Matt McDonnell | Crain's

In this ongoing series, we ask executives, entrepreneurs and business leaders about mistakes that have shaped their business philosophy.

Matt McDonnell

Background:  

Austin-based Notley Ventures funds and support teams with the passion and tenacity to develop innovative solutions to systemic problems. Whether it's for-profit or non-profit, the firm prides itself on creating ecosystems that support social innovation. 

The Mistake:

We were putting too many eggs in one basket.

In the early part of my career, I worked with a couple of nonprofits. Grant funding primarily drives the nonprofit world. At one of the organizations, we had to get an RFP/RFQ out for a really big project. We applied for a grant that allowed for only one year of funding. I was young and blinded by the opportunity to try and help change children’s lives.

But we didn’t have a good sustainability plan, and I realized we had put all our eggs into one funding basket – this lucrative grant. So we ended up having to scramble later to put the program together. We didn’t have the diversity in revenue stream that we needed.

At another company, we were very good at selling to large enterprise customers.  But as you would imagine at a small startup of about 35 people, we basically got into the position of working hard to support a significant revenue stream. We eventually found ourselves building the organization around a key customer. When they went away through no fault of our own, it was a difficult loss of revenue.

We had adopted many processes and grown in a way that was designed to support that customer. The sort of trajectory we were on made it very hard to be nimble when the revenue went away. Another issue was not maintaining enough control over the relationship with our customer. We had an intermediary between us and the funding source. We got too reliant on those people and when they went away, we did not still have our customers.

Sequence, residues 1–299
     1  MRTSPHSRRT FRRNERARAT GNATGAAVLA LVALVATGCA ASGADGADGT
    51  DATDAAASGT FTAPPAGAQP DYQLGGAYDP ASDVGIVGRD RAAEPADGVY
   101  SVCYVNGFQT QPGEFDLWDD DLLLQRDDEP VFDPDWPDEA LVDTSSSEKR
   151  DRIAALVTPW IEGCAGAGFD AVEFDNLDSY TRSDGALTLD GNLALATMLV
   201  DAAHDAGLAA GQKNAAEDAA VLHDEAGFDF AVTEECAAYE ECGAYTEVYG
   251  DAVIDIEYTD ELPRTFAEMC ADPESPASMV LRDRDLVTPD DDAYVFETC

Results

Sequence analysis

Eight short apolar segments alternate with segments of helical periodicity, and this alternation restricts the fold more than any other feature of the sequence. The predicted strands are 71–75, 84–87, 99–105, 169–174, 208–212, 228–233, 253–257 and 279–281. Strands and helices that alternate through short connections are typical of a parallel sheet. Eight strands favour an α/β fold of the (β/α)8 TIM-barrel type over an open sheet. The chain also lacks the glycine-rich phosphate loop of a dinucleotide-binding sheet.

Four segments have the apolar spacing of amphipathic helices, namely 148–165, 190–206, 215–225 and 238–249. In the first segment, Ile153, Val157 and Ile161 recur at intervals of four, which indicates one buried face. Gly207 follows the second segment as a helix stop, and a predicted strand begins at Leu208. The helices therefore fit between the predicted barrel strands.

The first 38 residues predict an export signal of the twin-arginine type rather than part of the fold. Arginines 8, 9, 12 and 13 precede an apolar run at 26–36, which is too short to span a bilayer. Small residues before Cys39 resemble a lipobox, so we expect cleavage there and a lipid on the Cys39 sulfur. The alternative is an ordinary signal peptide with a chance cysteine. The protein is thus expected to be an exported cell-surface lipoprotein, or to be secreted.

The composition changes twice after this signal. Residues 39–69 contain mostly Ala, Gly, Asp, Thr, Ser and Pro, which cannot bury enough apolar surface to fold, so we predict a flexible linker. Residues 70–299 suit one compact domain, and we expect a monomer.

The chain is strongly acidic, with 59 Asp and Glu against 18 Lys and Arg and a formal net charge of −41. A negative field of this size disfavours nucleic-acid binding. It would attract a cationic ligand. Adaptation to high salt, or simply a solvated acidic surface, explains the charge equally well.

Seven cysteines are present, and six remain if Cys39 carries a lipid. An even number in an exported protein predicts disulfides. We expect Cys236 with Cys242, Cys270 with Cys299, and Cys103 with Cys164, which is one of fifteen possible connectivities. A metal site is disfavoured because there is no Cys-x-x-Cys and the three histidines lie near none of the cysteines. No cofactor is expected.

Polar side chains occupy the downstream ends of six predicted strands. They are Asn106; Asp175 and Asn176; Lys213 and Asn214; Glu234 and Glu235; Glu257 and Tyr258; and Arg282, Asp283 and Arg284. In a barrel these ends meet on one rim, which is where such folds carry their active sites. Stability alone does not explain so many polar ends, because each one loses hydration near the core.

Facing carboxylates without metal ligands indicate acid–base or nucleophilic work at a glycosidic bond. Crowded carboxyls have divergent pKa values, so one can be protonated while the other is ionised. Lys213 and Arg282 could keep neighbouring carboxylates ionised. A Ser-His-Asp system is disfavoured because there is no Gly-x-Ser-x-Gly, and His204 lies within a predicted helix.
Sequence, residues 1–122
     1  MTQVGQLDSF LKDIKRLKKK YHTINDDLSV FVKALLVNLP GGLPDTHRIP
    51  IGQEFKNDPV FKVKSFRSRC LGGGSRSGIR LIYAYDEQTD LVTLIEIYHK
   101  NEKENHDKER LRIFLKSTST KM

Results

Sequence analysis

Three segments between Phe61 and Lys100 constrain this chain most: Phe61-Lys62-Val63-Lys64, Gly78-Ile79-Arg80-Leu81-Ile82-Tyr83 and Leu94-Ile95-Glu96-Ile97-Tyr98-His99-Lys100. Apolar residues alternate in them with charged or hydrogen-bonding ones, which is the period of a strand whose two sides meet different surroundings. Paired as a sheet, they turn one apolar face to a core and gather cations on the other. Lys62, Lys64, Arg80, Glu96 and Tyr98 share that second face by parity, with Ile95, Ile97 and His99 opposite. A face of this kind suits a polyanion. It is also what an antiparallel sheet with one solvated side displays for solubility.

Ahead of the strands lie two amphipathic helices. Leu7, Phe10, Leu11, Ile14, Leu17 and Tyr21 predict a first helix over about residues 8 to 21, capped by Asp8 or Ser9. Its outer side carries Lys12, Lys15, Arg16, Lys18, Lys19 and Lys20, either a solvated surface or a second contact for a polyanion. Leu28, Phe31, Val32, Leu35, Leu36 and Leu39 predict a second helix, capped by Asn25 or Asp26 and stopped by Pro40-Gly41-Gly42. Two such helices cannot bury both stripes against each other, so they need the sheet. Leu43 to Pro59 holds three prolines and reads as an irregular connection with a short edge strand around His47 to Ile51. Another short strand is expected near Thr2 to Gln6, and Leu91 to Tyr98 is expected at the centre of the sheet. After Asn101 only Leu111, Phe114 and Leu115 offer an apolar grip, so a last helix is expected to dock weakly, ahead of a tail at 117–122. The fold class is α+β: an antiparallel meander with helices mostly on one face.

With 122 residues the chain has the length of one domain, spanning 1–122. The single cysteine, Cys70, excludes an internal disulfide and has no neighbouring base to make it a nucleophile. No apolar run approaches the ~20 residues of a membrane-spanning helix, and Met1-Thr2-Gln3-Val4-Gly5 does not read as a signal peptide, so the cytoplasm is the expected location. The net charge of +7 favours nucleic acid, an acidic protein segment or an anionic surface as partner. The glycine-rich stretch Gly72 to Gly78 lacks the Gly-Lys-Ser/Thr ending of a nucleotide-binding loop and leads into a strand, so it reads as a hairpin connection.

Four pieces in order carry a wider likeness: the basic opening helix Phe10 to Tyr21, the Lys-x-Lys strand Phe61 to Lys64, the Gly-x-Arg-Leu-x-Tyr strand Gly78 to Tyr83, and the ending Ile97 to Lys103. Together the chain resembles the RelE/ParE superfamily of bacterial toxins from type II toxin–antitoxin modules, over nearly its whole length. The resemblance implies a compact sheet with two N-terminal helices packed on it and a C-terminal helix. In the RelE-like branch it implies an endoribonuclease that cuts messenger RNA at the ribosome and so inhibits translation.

You really need to think about building an organization so that when everything goes sideways it will be robust enough to manage that.

The Lesson:

From both those experiences, I learned that you really need to think about building an organization so that when everything goes sideways it will be robust enough to manage that and get stronger from it. I began to think about how to build an organization that is truly adaptive and gets stronger with shocks in terms of how its operated and revenue is generated.

In my current role as managing partner of an investment firm, I’m often put in the position of advising people. One of the takeaways from my past experiences is that the ability to recognize this mistake in a lot of first-time entrepreneurs. I see it constantly. So now I have a moral obligation when I see someone putting all their eggs in one basket to challenge them on it.

There are times when it’s right, but fundamentally if you can make money six different ways, then when one of those streams goes away it provides optionality in terms of how to keep a business going. There’s an inevitability that everything will go wrong at some point.

Follow Matt McDonnell on Twitter at @mmmcdonnell.

Pictured: Matt McDonnell | Photo courtesy of Notley Ventures.

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